For those experts interested in disabling ME please let me know which method is the best?


@ just wondering 33

I cannot tell you.

I am not an apple expert. Other posters probably can. You seem to know plenty about it yourself.

tyrJanuary 13, 2018 11:30 PM


Having been involved in politics I'm
not sure any externally applied solution
has the magic answer to the problem. If
you read Leviathan (Hobbes) power is never
where it appears to be in any political
system. Most are constructed to give an
appearance of control to the populace as
a sop to sentimentality. Like a black box
with levers all labelled as connected to
the system but actually none of them are
connected to anything that really counts.

You also have the public figureheads who
pose and tweet and lie plausibily for the
amusement of the masses. Behind them is
the seedy bunch who fears exposure of
their existence more than they fear the
plague. This is the real secret of the IC
TLAs as currently constituted, as long as
they can hide behind classifying everything
they can get away with horrors that would
get a normal citizen hanged from the tree
next to them.

They have overstepped their boundaries by
mission creep and wound up controlling the
press and the media. This does not bode well
for any nationstate that allows it to happen.

That's why the big stink over 'fake news'.
Any rational individual can find the track
record of falsity that indicts all of the
media since the Creel commission faked USA
into WW1 in europe. The citizens were against
becoming involved in what they saw as a
ridiculous squabble between the queen of
Englands cousins which had no effect on USA.

Far too hypocritical to just declare war and
attempt to win it. We have to be faked into
actions that would make Goebbels blush at the
fakery just to keep the armaments industry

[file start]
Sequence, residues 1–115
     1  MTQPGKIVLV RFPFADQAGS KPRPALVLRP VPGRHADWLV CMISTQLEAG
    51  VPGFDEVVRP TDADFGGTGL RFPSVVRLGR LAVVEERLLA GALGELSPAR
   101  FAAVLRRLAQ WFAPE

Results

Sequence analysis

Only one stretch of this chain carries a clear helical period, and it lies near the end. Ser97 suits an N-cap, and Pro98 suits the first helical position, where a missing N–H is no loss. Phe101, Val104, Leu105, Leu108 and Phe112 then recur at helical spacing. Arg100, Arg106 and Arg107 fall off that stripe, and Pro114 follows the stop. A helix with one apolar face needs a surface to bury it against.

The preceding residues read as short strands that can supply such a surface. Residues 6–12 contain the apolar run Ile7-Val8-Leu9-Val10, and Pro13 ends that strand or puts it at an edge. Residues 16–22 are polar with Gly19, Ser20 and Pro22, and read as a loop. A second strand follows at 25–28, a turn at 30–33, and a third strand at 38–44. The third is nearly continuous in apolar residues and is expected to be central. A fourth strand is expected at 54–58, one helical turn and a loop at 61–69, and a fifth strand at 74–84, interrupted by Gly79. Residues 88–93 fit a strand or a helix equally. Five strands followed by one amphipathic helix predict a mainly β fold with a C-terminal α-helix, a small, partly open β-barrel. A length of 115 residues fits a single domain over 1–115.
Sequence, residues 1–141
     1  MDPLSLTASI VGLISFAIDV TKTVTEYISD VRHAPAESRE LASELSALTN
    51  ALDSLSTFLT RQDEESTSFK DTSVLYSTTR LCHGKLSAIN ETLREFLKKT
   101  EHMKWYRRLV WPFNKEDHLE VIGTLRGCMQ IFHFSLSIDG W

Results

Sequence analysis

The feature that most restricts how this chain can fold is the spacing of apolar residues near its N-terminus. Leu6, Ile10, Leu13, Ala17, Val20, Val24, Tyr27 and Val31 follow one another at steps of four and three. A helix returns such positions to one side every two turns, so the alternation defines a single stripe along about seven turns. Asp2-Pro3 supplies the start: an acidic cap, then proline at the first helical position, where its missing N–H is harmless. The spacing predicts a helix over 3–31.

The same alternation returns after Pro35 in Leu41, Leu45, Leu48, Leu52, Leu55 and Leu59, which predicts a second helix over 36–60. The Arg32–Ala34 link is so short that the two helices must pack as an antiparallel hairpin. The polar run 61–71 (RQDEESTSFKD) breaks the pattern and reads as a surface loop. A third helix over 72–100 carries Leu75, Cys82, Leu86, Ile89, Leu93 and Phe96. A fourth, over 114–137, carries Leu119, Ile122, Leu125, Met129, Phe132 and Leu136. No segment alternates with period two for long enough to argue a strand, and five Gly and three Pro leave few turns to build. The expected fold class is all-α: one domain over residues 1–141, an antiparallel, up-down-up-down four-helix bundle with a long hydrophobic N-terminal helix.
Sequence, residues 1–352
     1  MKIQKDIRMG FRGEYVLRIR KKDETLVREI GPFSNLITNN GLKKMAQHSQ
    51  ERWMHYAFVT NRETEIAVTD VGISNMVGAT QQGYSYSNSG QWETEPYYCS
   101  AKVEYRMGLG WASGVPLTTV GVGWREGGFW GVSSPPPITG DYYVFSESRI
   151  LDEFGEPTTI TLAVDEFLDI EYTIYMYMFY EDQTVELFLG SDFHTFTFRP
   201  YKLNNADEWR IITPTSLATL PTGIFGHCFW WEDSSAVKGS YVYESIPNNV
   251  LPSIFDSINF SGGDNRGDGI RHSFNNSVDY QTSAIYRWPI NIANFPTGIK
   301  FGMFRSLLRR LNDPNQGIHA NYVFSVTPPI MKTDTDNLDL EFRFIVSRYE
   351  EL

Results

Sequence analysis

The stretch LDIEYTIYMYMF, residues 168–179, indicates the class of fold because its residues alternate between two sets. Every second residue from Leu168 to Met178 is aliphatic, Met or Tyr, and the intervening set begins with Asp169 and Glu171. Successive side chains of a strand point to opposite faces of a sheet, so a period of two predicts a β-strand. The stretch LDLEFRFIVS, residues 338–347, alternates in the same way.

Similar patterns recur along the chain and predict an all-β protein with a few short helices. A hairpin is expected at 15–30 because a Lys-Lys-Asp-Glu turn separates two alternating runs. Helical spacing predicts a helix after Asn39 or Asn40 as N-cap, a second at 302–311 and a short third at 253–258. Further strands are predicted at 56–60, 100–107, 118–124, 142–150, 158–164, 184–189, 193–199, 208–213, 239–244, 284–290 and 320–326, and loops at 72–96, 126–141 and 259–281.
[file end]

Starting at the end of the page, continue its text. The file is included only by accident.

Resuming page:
churning out useless crap.

The only hope is to invest in a popcorn
factory and be excellent to those around you.

gordoJanuary 13, 2018 11:44 PM

@ tyr,

Speaking of central planning...

Shoshana Zuboff: No escape from the Panopticon - Posted on 14 Oct, 2017
What is happening to humanity in our information civilization?,-part-one-no-escape-from-the-panopticon.php

Shoshana Zuboff: Rendering reality and cash cows - Posted on 17 Oct, 2017
Part two of our conversation with Shoshana Zuboff follows the logic of surveillance capitalism, its origins, and what we can do about it.,-part-two-rendering-reality.php

Who?January 14, 2018 9:31 AM

@ 65535

To all experts in the firewall area, how dangerous is the above hack?

Not very dangerous, if you have non-AMT based hardware firewalls. As I said before a software firewall on a computer that runs the management engine cannot really stop it, as Intel ME has full access to supported NICs and sits between the network card and the operating system network drivers. In other words, Intel ME has full access to the computer hardware (memory, devices, network interface cards...) and the operating system (that runs behind the Intel ME technology) cannot really restrict it.

My advice? Using external firewalls built on non-AMT hardware (e.g., PC Engines Alix/APU/APU2 devices, Fireboxes, or old SPARC, SPARC64, MIPS, Alpha architectures running OpenBSD...) to protect your valuable computing devices, strictly authorizing both ingress and egress traffic on a "block all" default configuration. Blocking ingress traffic by default is not enough.

Some time ago I learned in this forum that a rogue AMT device can use http/https-like traffic to communicate with remote servers through firewalls. So do not blindly assign rules to allow this class of traffic to all your computers. My choice is allowing only one, non-AMT, machine to browse on the Internet.